‘Church Bells on Sunday’ has become a ‘hot’ item since its scheduled time has been advanced to 6.50 a.m. Philip Corby will be making representations to the BBC on behalf of the Committee.
The considerable energy put into the Overseas Liaison function by Fred Dukes is evidenced again this year in the Overseas Report which will as usual be published in ‘The Ringing World’. Contact with those overseas can never have been greater than it is under Fred’s stewardship.
The Committee has been invited to take part in the Bell Restoration Seminar in 1987 and the Chairman has been given the unenviable task of dealing with the awkward questions in the session on ‘Making it happen: getting PCC approval’
The Expo bells have been sold to Australia, the tower now being in unusable condition. Enquiries have been made into the possibility of designing a new portable tower to take a light ring of eight. A price in the region of £20,000 may be expected, so unless a donor is found or a proposal made for funding little further progress can be expected.
The PROs Handbook project has come to a halt. The document needs to be re-evaluated, having grown as a concept into a major publication, and a writer found to undertake a substantial part of the production. There is a need for the talents of a writer to undertake several other PR productions/information sheets, etc. and Council might bear this in mind when electing the new committee.”
Mr. D. Bleby (ANZAB) caused laughter by greeting members with a broad “G’dye”, but then went on to bring greetings to the Council from the ringers of Australia and New Zealand. After describing some of the difficulties faced by ringers there, he thanked English ringers for their support to the Hobart Bell Fund appeal. Some £6,000 had been donated, by a great number of ringers, and the bells will be dedicated early in 1988. He also thanked those involved in the recent very successful visit to Australia, the value of which would be long-lasting, and said that next year’s tours were keenly anticipated.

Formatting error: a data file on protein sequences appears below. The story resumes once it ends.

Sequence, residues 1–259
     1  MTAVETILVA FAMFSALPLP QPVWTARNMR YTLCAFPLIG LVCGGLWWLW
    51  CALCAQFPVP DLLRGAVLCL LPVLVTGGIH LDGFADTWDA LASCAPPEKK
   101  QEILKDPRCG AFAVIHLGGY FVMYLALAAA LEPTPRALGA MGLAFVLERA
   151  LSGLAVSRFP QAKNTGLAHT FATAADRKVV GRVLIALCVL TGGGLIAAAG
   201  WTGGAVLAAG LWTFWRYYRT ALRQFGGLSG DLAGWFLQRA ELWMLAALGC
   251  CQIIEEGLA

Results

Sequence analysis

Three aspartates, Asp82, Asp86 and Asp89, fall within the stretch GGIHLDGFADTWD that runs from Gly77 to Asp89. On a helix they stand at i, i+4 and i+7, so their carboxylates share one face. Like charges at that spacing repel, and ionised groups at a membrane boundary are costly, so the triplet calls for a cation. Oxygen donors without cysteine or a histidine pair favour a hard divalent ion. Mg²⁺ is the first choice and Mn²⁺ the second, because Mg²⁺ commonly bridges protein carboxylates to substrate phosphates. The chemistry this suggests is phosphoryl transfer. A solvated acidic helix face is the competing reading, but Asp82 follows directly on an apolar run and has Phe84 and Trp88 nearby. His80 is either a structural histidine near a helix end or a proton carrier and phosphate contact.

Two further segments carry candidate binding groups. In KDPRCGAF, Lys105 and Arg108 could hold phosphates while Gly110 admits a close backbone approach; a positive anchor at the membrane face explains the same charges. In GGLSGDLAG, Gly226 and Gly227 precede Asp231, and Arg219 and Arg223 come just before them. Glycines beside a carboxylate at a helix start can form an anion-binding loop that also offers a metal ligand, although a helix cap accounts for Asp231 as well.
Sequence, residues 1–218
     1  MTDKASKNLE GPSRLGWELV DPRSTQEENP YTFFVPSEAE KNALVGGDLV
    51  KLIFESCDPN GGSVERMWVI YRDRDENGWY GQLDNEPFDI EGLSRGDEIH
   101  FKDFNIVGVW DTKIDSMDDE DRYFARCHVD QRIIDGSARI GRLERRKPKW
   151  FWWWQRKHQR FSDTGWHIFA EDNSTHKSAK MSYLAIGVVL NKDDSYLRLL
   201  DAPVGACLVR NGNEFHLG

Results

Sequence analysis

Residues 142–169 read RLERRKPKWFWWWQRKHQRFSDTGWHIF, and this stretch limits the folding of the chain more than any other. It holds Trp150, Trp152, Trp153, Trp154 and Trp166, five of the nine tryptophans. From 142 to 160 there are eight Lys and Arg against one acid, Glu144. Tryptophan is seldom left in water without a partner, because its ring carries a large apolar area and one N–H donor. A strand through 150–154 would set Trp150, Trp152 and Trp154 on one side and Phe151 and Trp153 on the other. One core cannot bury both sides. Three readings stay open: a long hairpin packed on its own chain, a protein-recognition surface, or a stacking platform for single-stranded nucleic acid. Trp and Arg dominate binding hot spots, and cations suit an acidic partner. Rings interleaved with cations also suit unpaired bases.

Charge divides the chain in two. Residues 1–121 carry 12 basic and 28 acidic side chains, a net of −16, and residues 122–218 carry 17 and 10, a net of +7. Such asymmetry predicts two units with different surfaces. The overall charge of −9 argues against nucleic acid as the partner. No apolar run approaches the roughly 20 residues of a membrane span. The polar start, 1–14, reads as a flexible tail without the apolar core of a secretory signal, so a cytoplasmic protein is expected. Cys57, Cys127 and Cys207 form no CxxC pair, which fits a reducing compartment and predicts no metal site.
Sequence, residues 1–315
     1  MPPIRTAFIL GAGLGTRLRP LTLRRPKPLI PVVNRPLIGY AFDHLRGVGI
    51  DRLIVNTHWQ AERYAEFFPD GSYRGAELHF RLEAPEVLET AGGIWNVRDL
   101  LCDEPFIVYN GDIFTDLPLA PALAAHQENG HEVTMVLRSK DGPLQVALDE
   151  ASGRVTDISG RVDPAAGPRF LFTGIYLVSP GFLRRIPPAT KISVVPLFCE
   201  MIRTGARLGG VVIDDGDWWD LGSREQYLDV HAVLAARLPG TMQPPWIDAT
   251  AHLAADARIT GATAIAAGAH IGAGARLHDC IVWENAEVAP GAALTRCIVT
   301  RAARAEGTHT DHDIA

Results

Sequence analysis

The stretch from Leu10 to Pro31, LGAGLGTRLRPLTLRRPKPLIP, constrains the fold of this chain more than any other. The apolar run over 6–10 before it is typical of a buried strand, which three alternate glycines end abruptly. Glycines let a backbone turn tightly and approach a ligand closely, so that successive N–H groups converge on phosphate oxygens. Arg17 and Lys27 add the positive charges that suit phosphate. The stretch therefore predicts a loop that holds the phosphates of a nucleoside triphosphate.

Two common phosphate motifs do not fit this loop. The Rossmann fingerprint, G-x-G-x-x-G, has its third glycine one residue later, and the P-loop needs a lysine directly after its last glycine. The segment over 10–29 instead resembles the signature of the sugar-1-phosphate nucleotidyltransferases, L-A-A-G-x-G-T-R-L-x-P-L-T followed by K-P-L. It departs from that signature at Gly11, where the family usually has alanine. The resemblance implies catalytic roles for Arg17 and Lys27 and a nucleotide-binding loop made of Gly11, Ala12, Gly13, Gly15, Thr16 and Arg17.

Mr. Barnes commented on the need for a skilled author. The restorations at Peterborough and Coventry - appreciation of which should he felt be minuted - had given a great impetus to PR, and he was aware of two large-circulation magazines (This England and Heritage) which would welcome articles on ringing and bell-restoration. A suitable author should if necessary be commissioned, he felt.
Canon Orland asked Mr. Corby if he would comment on his dealings with the BBC over Church Bells on Sunday. Mr. Corby was pessimistic about achieving any change; the Corporation was autonomous, and although relations with the Religious Affairs department were fostered as much as possible - he had been able to get the Christmas Bells programme restored to its original length - he doubted whether any formal Central Council resolution would have any effect. The BBC had already found that less tapes of ringing were being submitted for inclusion in the programme. Mr. D.J. Jones suggested it would be more productive to concentrate on local radio and TV companies.
Mr. W. Butler (Oxford) asked for more information on the displays mentioned, and enquired what had become of the ringing films held by the Committee. On the first point, Mr. H. Rogers said that 14 or 15 displays had been mounted in 1986, and 8 so far this year. The original material produced by the Education Committee had been expanded, using frames that had been donated. But it would be very useful to be have double sets of some material, and more importantly to have it all mounted on lightweight and standard metric sized frames. These were likely to cost about £1,000, and details were being investigated.
Mr. Potter said that the films were now both dated and had effectively reached the end of their usable life. While the BBC had no objection to a video copy being made of ‘This Ringing Isle’, it could not agree to such a copy being hired out; and it was too expensive to make film copies. The films were consequently no longer advertised, although they were available for hire on request.
The loss of the Expo bells was raised by Mr. Peachey, and Mr. Cooles said that he had been in touch with their owner. It seemed that they would not after all be going to Australia, but their ultimate fate remained undecided. Mr. H. Rogers said that the structure and fittings had been very badly worn and needed redesigning and replacing; and Mr. P.J. Tremain (Truro) wondered whether the Council might afford to buy its own ring. Mr Wilby asked whether Council members thought expenditure on a portable tower to be reasonable; if they did, the committee could investigate the possibilities, but to do so would entail considerable work. On a straw poll there was a balance in favour of the idea, and the President said that the Committee and the Officers would bear this in mind.